In a classroom at the St. Mary’s Nutrition Center in Lewiston one Thursday evening in late November, every inch of space was in use.
Pine frames, built to fit into the smallest bathroom window or the largest bay window, lined each wall. About a dozen people worked at several stations in assembly-line fashion, taping the sides of the frames, wrapping the frames with polyolefin film, heat-sealing the film into place, and finishing the frame with weatherstripping.
The final product: an easy-to-install window insert that keeps homes well-insulated in the winter cold and brings down heating costs.
Three Bates students — Grace Ellrodt ’20 of Lenox, Mass., Newell Woodworth ’19 of Lambertville, N.J., and Griffin Golden ’19 of Riverside, Conn. — moved among the different stations, answering questions, giving instructions and, in the process, helping to solve a knotty problem for Window Dressers, the nonprofit behind the inserts.
Based in Rockport, Window Dressers has saved Maine residents, from Berwick and Blue Hill to Wells and Wiscasset, upwards of $2.2 million in heating fuel. To keep the inserts inexpensive, the nonprofit asks purchasers to volunteer at community workshops to assemble them. Window Dressers operates in towns all around the state; this year was the first that it had a workshop in Lewiston.
A Window Dressers insert might run between $25 and $50, depending on the window size. The insert pays for itself in a couple of years due to energy savings, and it’s certainly cheaper than replacing a window — but the demands of time and money still put the inserts out of reach for many low-income families.
Window Dressers’ goal is to give 22 percent of its inserts to “special rate” participants at free or reduced cost, but recruiting these participants, and seeing them through from recruitment to installation of the inserts, has proved challenging.
“We wanted to know what we can do to change our process to better meet the needs low-income households,” said Laura Seaton, director of community workshops.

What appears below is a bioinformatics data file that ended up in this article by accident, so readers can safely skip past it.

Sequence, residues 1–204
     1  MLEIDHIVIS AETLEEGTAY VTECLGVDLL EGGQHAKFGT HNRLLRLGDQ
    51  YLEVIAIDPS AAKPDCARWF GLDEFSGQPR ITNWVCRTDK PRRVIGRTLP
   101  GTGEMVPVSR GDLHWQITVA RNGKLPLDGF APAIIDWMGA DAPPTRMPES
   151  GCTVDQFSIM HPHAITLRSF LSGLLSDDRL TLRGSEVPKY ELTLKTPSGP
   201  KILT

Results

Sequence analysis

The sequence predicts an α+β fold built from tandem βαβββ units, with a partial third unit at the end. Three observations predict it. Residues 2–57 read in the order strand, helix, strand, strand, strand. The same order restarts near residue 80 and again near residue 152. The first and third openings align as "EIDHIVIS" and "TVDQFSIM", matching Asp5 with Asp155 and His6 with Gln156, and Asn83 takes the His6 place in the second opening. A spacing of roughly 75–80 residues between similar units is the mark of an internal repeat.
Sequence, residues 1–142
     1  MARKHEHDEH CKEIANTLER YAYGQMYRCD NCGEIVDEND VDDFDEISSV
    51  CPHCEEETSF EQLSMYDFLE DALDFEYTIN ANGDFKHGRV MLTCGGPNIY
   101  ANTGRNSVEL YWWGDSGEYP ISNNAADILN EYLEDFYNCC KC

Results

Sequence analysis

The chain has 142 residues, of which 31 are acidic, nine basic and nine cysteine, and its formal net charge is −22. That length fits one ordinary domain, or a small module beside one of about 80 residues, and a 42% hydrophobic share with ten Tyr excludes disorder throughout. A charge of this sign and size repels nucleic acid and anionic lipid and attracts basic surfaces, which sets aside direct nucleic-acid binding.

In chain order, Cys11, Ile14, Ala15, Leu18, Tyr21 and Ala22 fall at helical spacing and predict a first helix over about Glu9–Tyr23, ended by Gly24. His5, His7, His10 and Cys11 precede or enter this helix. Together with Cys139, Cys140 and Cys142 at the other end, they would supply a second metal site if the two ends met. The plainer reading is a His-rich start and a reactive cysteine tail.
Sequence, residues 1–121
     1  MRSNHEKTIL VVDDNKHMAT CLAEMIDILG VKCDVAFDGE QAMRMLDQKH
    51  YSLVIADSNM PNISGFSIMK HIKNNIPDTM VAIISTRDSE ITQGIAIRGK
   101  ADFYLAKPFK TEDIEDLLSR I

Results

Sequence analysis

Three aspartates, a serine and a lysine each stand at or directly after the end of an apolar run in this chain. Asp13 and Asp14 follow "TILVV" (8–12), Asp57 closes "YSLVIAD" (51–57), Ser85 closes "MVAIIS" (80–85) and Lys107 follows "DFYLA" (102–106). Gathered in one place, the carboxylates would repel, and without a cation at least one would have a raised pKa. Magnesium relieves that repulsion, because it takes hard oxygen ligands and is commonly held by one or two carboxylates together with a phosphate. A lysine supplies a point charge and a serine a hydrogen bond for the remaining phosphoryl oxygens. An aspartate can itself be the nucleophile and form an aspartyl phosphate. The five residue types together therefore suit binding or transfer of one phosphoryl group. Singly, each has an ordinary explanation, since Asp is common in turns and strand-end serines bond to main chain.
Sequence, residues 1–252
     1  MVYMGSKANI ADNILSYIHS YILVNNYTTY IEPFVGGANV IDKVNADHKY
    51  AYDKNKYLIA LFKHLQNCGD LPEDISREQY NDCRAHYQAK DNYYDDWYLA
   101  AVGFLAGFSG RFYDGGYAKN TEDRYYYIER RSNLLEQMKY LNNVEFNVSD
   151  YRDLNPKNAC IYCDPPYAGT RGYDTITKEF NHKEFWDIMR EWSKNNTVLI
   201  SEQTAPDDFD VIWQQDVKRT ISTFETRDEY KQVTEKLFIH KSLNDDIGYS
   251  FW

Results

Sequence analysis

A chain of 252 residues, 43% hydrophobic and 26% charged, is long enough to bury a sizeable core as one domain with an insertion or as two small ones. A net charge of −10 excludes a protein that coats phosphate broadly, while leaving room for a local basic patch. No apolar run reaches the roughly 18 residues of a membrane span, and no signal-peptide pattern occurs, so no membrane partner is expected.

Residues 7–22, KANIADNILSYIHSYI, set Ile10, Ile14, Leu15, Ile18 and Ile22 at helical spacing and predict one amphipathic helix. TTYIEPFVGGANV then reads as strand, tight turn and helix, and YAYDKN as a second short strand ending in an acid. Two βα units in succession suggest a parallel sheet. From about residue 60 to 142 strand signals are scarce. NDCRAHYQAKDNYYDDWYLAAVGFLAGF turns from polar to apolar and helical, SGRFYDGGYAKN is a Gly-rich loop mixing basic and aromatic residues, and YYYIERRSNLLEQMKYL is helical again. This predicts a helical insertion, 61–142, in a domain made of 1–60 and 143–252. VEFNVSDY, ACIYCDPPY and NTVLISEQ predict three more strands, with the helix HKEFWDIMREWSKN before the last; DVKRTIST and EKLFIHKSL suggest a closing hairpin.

Seaton turned to Francis Eanes, a visiting assistant professor of environmental studies at Bates who, with biology lecturer Karen Palin, is teaching a community-engaged environmental studies research course.
Required for all ES majors and one of dozens of community-engaged courses supported by the Harward Center, the course combines academic research with collaborative work in Lewiston-Auburn. In small groups, students complete semester-long projects ranging from building a rental property database to creating a visual history trail along the Androscoggin River.
To Eanes and Seaton, the twin tasks of making the inserts more accessible to low-income families and establishing Window Dressers in Lewiston sounded like a great project. Ellrodt, Woodworth, and Golden got the job.
The group had two objectives: help Kristine Corey, the AmeriCorps volunteer in charge of bringing Window Dressers to Lewiston, recruit participants and run community workshops; and, through interviewing participants and workshop coordinators, determine the incentives and barriers to participating in the Window Dressers model.
At first, Ellrodt said, the group tried to talk to potential special-rate participants by setting up formal interviews. That turned out to be unfeasible.
“People have a million and eight things to do, and inserts are the last thing,” Ellrodt said.
Instead, the students went to St. Mary’s Nutrition Center during its food pantry hours, and a staff member introduced them to pantry clients, emphasizing that the window inserts were free. That yielded several participants, who in turn referred the students to still more participants.